The study concludes that novel carbon removal needs to increase 30-fold by 2030 to achieve the emissions reductions required to keep global temperature rise below 2 degrees Celsius (3.6 Fahrenheit) and ideally no more than 1.5 C (2.7 F) by the end of the century.
Achieving ‘net zero’ emissions by mid-century — a goal many countries are aiming for and experts say is necessary to meet the targets agreed in the 2015 Paris climate accord — would require an increase in carbon dioxide removal by a factor of 1,300 and few countries have realistic plans for doing so, the authors said.
“We are really lagging behind significantly when it comes to carbon removal,” said study co-author Jan Minx of the Berlin-based Mercator Research Institute on Global Commons and Climate Change.
“If we want a robust strategy to achieve the Paris climate goals then we need to restrict dependence on carbon removal ... through rapid and far-reaching emissions reductions,” he said. “But at the same time the expansion and development of carbon removal methods needs to be boosted.”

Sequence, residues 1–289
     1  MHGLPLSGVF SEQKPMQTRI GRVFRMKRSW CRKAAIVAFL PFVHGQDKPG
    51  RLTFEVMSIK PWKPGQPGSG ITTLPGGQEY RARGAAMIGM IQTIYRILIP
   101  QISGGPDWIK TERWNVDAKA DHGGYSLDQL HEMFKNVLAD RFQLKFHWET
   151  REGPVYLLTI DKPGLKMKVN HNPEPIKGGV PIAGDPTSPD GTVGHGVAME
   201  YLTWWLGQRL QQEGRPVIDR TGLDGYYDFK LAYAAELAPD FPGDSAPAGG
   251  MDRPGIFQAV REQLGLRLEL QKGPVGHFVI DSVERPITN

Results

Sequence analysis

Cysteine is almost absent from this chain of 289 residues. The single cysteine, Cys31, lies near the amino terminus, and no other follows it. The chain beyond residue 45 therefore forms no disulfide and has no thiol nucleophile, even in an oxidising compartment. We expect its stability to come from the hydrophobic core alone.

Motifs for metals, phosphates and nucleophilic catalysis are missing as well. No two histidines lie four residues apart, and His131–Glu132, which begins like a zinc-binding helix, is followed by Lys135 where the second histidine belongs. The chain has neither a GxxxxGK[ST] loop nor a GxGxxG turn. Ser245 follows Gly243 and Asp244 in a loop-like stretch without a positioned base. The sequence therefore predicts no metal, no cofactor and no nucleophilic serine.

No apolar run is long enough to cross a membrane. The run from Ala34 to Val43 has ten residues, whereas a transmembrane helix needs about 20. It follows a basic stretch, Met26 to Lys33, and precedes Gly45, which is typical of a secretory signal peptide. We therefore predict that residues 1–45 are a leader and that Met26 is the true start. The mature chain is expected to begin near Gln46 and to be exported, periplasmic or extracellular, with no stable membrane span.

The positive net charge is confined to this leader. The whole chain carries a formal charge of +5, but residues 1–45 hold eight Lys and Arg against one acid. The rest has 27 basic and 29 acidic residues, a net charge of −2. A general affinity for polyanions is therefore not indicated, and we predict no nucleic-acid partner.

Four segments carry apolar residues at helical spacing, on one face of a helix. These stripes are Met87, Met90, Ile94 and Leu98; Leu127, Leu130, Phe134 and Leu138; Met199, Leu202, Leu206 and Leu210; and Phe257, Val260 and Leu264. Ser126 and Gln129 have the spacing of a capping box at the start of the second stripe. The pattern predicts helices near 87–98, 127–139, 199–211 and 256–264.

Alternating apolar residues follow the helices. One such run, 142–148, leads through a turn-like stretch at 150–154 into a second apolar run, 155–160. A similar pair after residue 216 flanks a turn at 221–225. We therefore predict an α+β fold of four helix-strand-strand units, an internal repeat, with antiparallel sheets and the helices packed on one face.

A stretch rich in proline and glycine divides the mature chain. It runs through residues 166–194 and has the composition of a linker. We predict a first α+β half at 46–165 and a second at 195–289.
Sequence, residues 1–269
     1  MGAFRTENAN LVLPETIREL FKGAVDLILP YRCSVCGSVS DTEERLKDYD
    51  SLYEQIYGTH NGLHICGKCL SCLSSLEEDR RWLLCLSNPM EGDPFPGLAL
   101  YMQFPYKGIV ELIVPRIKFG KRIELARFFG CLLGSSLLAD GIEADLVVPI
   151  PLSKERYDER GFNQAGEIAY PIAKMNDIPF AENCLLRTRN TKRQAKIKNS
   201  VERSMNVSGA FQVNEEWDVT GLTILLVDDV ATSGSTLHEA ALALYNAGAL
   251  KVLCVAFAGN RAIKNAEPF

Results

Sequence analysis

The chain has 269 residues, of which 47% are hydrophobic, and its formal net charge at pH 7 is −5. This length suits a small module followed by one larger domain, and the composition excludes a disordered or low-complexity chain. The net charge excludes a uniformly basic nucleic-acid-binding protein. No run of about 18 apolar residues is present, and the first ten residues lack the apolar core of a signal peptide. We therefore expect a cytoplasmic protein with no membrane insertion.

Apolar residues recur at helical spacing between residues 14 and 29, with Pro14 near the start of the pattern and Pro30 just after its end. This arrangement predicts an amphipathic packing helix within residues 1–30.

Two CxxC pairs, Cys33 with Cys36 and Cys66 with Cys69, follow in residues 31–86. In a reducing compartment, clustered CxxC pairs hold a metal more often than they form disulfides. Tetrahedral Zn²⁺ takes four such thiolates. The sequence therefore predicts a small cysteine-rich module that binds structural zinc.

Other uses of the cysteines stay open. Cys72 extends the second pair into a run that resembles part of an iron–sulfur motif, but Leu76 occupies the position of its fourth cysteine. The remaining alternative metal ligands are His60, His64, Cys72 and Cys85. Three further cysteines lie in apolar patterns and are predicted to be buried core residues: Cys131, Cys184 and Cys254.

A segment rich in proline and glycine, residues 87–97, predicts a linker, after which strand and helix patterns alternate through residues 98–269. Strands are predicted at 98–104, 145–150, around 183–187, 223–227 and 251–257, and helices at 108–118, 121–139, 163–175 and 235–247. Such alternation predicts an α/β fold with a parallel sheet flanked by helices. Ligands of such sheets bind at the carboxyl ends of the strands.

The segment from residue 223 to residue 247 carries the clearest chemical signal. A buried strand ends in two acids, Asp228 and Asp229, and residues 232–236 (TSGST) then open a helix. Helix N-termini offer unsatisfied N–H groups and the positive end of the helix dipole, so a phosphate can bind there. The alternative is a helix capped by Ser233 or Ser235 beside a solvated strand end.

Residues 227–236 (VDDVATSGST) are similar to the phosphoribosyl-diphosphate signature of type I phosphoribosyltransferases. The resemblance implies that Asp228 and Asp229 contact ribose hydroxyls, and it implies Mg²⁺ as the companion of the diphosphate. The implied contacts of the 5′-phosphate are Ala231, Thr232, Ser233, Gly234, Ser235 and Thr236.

Oliver Geden of the German Institute for International and Security Affairs, who also contributed to the report, said natural means of carbon removal, such as reforestation, are currently more cost-effective than artificial methods. But there are limits to how much land can be devoted to forests and rising global temperatures increase the risk that carbon stored that way could be released again, such as through wildfires.
He noted the rapid rise of solar and wind power plants as examples for how new technologies could have a measurable impact on efforts to curb climate change.
The authors of the study say they plan to regularly publish a regular ' State of Carbon Dioxide Removal.'